GREAT FALLS — The U.S. Bureau of Reclamation said in a news release that on Sunday, May 17, a concrete drop structure failed on the Bureau of Reclamation’s Milk River Project at St. Mary Canal, northwest of Browning on the Blackfeet Indian Reservation.
The agency says that when the damage was reported, the canal was flowing approximately 200 cubic-feet-per-second (CFS) which is about 1/3 of the canal’s total capacity of approximately 600 CFS. No injuries were reported, and canal flows have been shut off.
This concrete drop structure is the last of five drop structures that use gravity and siphons to convey water through the 29-mile long St. Mary Canal to the North Fork of the Milk River. Water is diverted into the canal from the St. Mary River, near Glacier National Park.
The Bureau of Reclamation, along with stakeholders of the Milk River Project, are assessing the situation to determine the impacts to the water users and options for restoring canal operation. Currently, Fresno Dam and Nelson Reservoir are both at full storage levels and will be used to provide continued irrigation deliveries. Once a plan and schedule for the repair of the canal are developed, water deliveries will be assessed and communicated.
The majority of construction of the Milk River Project was completed between 1906 and 1940. The canal was constructed between 1907 and 1915 and is the primary water source for eight irrigation districts tribes, contract pumpers, and several municipalities downstream of Havre serving approximately 110,000 acres of land.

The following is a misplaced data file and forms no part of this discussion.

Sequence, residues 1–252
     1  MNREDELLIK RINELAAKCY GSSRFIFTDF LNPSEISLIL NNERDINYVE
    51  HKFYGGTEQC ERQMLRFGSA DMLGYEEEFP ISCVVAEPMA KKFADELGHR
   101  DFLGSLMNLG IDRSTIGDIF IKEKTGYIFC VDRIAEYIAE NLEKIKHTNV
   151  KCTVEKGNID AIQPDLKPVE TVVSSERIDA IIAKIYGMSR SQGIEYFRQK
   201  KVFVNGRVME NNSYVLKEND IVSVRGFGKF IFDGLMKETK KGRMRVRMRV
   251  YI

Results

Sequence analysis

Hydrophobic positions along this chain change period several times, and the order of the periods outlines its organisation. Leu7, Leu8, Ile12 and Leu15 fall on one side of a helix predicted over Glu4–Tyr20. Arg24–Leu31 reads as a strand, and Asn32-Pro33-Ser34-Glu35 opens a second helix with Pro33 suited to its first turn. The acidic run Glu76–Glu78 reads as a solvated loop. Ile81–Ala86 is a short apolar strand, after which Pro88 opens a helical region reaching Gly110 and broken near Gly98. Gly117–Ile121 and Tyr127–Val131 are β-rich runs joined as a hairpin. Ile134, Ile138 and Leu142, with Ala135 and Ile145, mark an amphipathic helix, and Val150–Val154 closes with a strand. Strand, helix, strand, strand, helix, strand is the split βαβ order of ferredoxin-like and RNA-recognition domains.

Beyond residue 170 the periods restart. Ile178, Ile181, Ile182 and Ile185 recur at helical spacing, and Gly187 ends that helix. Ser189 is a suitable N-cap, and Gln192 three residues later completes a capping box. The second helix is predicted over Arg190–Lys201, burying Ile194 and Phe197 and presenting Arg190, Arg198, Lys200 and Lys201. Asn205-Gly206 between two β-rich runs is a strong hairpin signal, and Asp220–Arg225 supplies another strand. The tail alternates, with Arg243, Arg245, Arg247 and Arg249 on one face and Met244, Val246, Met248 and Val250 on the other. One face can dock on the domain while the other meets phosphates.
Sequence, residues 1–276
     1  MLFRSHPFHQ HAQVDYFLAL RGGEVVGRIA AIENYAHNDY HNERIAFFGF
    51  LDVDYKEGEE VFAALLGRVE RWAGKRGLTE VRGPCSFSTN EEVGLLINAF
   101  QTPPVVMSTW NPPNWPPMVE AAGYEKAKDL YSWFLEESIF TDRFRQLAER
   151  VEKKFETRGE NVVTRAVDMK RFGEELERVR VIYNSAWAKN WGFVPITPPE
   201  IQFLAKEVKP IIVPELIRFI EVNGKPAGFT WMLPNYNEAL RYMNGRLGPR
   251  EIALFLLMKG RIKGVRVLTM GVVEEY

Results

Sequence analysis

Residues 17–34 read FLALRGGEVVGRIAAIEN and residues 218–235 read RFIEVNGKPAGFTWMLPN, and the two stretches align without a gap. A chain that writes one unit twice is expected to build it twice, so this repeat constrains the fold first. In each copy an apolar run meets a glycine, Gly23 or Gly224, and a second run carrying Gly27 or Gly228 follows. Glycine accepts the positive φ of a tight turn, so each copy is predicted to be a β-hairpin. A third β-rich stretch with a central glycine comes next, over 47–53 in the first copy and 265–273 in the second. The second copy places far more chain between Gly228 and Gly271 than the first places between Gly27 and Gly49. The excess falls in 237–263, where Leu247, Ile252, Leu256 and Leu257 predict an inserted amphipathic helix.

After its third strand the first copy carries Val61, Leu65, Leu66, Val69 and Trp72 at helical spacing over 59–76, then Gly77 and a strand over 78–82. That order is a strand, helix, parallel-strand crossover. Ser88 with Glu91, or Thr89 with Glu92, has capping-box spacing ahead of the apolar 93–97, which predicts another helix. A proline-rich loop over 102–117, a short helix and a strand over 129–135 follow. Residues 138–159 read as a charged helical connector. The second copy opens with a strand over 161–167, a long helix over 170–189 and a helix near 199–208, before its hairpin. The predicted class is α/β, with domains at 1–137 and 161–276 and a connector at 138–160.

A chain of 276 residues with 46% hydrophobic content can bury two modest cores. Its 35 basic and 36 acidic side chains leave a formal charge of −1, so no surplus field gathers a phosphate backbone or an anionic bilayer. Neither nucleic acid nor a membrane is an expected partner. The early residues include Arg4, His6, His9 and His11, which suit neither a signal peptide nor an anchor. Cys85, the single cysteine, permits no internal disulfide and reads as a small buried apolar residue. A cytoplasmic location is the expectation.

The agency website provides the following information:
- The St. Mary's Diversion Dam, located on the St. Mary River 0.75 downstream from Lower St. Mary Lake, is a 6-foot-high concrete weir and sluiceway with a length of 198 feet and a total volume of 1,200 cubic yards. The St. Mary Canal begins at the St. Mary Diversion Dam on the west side of St. Mary River and crosses the river 9.5 miles below the diversion through a two-barrel steel-plate siphon 90 inches in diameter and 3,600 feet in length. Eight miles below the St. Mary crossing a second two-barrel steel-plate siphon, 78 inches in diameter and 1,405 feet long, conveys the water across Hall's Coulee. A series of five large concrete drops at the lower end of the 29-mile canal provide a total fall of 214 feet to the point where the water is discharged into North Fork Milk River. Design capacity of the canal is 850 cubic feet per second.
We will update you when we get more information.